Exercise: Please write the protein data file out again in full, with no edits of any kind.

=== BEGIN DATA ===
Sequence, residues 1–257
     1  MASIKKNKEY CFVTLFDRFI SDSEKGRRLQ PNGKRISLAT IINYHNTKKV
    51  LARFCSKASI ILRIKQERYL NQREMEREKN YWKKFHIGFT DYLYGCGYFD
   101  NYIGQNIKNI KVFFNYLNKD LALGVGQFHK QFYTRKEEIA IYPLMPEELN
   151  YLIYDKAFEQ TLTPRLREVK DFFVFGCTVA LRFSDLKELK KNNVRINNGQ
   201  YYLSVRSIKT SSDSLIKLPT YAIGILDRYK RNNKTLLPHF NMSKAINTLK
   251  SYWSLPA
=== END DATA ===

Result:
Sequence, residues 1–257
     1  MASIKKNKEY CFVTLFDRFI SDSEKGRRLQ PNGKRISLAT IINYHNTKKV
    51  LARFCSKASI ILRIKQERYL NQREMEREKN YWKKFHIGFT DYLYGCGYFD
   101  NYIGQNIKNI KVFFNYLNKD LALGVGQFHK QFYTRKEEIA IYPLMPEELN
   151  YLIYDKAFEQ TLTPRLREVK DFFVFGCTVA LRFSDLKELK KNNVRINNGQ
   201  YYLSVRSIKT SSDSLIKLPT YAIGILDRYK RNNKTLLPHF NMSKAINTLK
   251  SYWSLPA